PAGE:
City Council advances budget, adopts e-cigarette ban

Christie Smith

Council members approved budgeting for CyRide and bike paths before passing an anticipated e-cigarette ban at a meeting of the Ames City Council on Tuesday night.

A final hearing for public input on the proposed budget for fiscal year 2016/2017 is scheduled for March 1, two weeks before the state requires each city to have its budgets finalized.

The proposed budget will lower property taxes for Ames residents by nearly 30 cents per $1,000 of taxable valuation, according to city documents. The city has not proposed raising any utility costs in the plan, something city manager Steve Schainker credits to careful budgeting by staff members and department heads.

One of the notable increases in the proposed 2016/2017 budget is in the category of transportation. Because of a decline of federal funding for CyRide, the city has been asked to contribute an additional 4.9 percent, or nearly $80,000, to the public transportation system.

The city has predicted that CyRide will provide 7 million rides this fiscal year, nearly one quarter of a million rides more than last year’s predicted growth.

Iowa State University and ISU students, who make up the other two-thirds of local CyRide funding, have also been asked to increase their contributions. Students’ fees, which are built into their tuition costs, were increased from $63.35 to $73.10 per semester this year, said ex-officio representative Sam Schulte.

The proposed increase in city funding will contribute to CyRide’s biggest need, according to city documents: employment. The additional $80,000 will help CyRide recruit, train and retain CyRide drivers by providing money for hiring bonuses, referral bonuses and eliminating a lower training wage for new drivers, according to Schainker’s proposal. 

This is not the first time the council has been asked to help supplement Ames’ leading form of public transportation; the city increased funding in 2015 by more than 5 percent from the previous year. In 2014, CyRide funding was increased by more than 4 percent.

Bronwyn Beatty-Hansen, at-large representative for the council, said CyRide has been faced with declining federal funds for several years now.

Transportation will receive 7.5 percent of the city’s total budget in this year’s proposed plan, which is more than a 1 percent increase from last year.

The proposed budget provides an increase in the percentage of funding for each of the eight major categories — utilities, public safety and community enrichment among others — except for the Capital Improvement Plan.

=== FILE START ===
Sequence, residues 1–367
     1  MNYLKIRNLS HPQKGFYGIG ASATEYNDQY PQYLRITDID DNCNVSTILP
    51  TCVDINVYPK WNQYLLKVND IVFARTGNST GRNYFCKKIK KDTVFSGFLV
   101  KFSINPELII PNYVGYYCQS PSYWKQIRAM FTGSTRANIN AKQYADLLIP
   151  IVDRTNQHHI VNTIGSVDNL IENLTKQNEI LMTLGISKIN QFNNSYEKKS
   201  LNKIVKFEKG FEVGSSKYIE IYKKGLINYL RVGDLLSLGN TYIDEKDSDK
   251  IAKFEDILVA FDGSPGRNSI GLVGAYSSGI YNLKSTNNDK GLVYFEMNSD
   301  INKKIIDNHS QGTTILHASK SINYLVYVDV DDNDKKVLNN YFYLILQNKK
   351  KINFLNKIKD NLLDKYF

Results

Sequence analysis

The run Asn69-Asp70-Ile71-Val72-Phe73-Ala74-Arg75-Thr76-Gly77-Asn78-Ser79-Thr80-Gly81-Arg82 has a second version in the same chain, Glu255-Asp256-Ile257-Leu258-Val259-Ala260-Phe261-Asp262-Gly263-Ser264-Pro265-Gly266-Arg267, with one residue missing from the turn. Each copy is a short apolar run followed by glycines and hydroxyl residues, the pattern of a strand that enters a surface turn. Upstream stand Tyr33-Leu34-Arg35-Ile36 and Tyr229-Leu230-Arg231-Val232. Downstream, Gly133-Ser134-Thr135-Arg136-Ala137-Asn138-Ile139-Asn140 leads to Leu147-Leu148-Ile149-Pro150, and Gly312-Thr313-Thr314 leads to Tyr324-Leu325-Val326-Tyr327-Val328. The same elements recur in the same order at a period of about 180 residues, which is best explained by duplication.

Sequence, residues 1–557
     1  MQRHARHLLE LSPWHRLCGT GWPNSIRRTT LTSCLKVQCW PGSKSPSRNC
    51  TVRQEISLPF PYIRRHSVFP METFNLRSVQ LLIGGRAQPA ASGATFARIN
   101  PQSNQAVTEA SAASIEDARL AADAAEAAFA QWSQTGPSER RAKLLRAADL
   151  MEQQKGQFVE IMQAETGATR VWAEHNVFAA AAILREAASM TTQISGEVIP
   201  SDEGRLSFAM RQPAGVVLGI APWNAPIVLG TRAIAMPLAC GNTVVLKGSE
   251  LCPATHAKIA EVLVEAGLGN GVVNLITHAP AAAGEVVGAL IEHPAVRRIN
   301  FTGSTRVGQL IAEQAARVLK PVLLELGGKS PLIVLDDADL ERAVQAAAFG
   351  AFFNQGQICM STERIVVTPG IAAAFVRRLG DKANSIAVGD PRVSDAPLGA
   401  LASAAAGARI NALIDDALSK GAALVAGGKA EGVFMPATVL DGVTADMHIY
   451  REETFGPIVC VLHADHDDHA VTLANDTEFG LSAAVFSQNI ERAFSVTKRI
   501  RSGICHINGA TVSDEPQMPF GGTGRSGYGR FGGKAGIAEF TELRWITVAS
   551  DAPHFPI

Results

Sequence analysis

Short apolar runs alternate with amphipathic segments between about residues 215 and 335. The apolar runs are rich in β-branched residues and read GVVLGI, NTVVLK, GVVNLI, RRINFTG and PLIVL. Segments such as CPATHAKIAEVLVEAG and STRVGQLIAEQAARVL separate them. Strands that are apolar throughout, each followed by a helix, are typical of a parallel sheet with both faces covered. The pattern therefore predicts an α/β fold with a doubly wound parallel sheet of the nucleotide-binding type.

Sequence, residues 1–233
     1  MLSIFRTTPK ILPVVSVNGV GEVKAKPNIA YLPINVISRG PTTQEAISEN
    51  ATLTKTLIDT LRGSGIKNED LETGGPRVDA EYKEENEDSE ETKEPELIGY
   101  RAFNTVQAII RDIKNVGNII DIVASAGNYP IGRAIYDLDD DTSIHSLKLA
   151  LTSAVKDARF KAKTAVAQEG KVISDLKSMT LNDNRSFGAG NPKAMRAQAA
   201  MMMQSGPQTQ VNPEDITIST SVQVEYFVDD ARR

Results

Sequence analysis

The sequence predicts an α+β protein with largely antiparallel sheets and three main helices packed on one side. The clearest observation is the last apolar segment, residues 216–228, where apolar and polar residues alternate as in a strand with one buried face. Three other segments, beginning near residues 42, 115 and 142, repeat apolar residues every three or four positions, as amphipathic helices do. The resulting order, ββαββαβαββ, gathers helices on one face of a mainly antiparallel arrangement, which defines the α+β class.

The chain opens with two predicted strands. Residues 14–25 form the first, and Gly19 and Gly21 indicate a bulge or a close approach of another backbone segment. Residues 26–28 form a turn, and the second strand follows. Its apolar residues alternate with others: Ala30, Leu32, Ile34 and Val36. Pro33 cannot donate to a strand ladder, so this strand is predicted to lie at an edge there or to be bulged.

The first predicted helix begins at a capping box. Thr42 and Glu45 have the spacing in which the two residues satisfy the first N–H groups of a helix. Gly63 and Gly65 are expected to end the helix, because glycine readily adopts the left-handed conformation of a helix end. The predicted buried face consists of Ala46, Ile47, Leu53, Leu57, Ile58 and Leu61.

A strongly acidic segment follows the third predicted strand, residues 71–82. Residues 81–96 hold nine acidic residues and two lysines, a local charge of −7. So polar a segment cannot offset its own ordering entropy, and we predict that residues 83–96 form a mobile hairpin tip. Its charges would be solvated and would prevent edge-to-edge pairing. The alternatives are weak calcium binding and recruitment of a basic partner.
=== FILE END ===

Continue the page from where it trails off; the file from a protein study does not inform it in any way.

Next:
The five-year plan that maps out major projects for the city was granted nearly 40 percent of the city’s budget in 2015, but will receive less than 30 percent of the new budget, according to city documents.

Proposed Capital Improvement Plan projects for 2016-2021 include improvements to several parks, the Furman Aquatic Center and two local fire stations.

In addition, the plan provides funding for several CyRide-related programs to improve pavement on CyRide routes, will help renovate the outgrown CyRide storage facility and help build shelters at several CyRide stops.

Council members discussed amendments to the Capital Improvement Plan to include an additional $150,000 for shared-use path expansions and multi-modal traffic studies. The city has put an emphasis on alternative transportation — like biking or walking — as part of the Healthiest Ames Complete Streets initiative.

Beatty-Hansen said shared-use paths will help relieve the strain put on CyRide and provide opportunities for residents to be physically active.

“The additional benefit is that to our health,” Beatty-Hansen said.

The council voted 6-0 to pass several motions to approve the proposed budget, Capital Improvement Plan and amendments thus far.

A public hearing and final vote are scheduled to occur at the March 1 meeting.

Council members voted 6-0 for a third and final time to pass and adopt an ordinance that will ban electronic cigarette and nicotine delivery systems in public places.

The council was made aware of similar bans in other U.S. cities nearly a year ago when the Story County Prevention Policy Board teamed up with Iowa State’s Health Promotion Club to propose a ban.

After several local health experts and advocators spoke during open forums at council meetings last fall, the council began discussing a potential ban in December.

The proposed ordinance received widespread public support at a Dec. 8 meeting and passed two council votes in January, shortly after a university ban was put in place.

The ordinance will ban e-cigarettes in all of the same public spaces that traditional cigarettes are already prohibited under the Smokefree Air Act, providing exceptions for e-cigarette stores.

Council members also voted 6-0 to approve a resolution granting the ISU Research Park an additional lot of land located at 3200 University Blvd.